Yesterday saw the launch of DCMS’s strategy for developing philanthropy. At the heart of much of the media debate around this was the comparison with the US where levels of giving, especially to the arts, are much higher (see Wednesday’s Today programme on Radio 4). Now I am a big believer in the value of learning from our peers around the world, but that learning has to be within a cultural context.
Avid readers of Fab will know that I’ve spent time in the US, most recently in April this year, picking up ideas about how non profit sector leaders are being supported. While at the GEO conference in Pittsburgh I learned of an initiative whereby foundations support sector leaders in taking sabbaticals allowing them the kind of space for personal development they would never otherwise have and also hugely benefitting their organisations. I was really pleased that ACEVO was able to host Claire Peeps from the Durfee Foundation based in LA which had supported this work at our National Conference to explore how it could be applied to foundations here.
Of course international learning works both ways. Last week I was in Toronto speaking to Philanthropic Foundations Canada about the work ACEVO has done on full cost recovery. The previous day had seen the launch of the Canadian taskforce on social finance which had drawn very heavily on similar work in the UK. It was strange to be sitting in an auditorium in Toronto hearing about the great example of a social impact bond pilot at HM Peterborough being led by the St Giles Trust, but it was a very powerful illustration of how much influence the UK sector has around the globe.
International learning can be really valuable, but an understanding of the cultures concerned is vital if those lessons are to have relevance. My colleagues in Euclid Network, have found this a particularly interesting in promoting networks of civil society leaders across Europe. How does one do this in Germany, where the whole concept of leadership is a fundamentally difficult one?
The Coalition Government has spend a great deal of time in looking at the USA as a model for many of the kinds of reforms which they want to see. Various gurus have come across the pond to help the government articulate the Big Society narrative. In some areas such as policing and welfare to work provision it seems that these will be fruitful lessons.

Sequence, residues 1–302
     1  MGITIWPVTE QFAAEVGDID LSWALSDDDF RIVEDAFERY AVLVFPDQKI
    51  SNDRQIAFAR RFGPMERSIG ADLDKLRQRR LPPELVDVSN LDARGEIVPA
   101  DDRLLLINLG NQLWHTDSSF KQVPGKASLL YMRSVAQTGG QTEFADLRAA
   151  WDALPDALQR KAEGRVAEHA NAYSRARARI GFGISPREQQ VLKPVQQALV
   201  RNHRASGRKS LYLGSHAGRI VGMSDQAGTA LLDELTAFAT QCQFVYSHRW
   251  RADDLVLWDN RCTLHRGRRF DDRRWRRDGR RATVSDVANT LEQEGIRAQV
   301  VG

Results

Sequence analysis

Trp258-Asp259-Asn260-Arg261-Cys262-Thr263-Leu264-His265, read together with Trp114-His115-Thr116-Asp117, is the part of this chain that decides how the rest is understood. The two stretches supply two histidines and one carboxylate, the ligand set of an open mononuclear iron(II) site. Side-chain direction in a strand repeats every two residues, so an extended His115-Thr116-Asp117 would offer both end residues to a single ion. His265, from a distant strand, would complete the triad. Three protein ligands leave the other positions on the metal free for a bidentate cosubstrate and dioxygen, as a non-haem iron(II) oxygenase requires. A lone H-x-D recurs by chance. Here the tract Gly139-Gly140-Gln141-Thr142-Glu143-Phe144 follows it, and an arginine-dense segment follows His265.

But giving is different. I’m no expert on the topic, but in my conversations with non profit folk in the US about the relationship between the public, the state and the sector, it’s clear that America’s history and national narrative, going right back to the founding fathers, looms large.
America was created in revolution. It was a reaction against a government, that of King George III, but in many ways that identity has become a reaction against government of all forms. Hence the Tea Party can attract so much support to the bafflement of Europeans.
The motivations for philanthropy in the US need to be understood in this context. The idea of giving as a duty is stronger in the US than it is in the UK because there is less shared expectation or desire for the state to act. It’s not so much that Americans give because the state can’t act, its more that they give because they don’t want the state to act. Therefore the culture of giving has become engrained over generations and become a norm.
This is a very crude generalization, but it is important to understand some of these differences. DCMS want to encourage philanthropy because they have less money to fund the arts. Public spending is going to fall in many areas such as the arts so giving must increase to save national treasures as well as essential services.
Even if people accept this necessity, it’s not quite the same motivation for giving as you find across America. Britons would still rather the state acted in the first place. And therefore the lessons won’t always quite fit. For a change in cultural norms in the UK to result in more giving people need to feel more than a greater sense of altruism or community spirit, and indeed it will take more than people knowing that the state is unable to act. For the culture of giving to better reflect America people will need to feel that they don’t want the state to act, and that’s a much bigger task for the government.
Of course I am all for initiatives to promote more giving, and there are definitely lessons to be learned from the US, but these initiatives need to be in a UK context and not pretend that we just less generous Americans.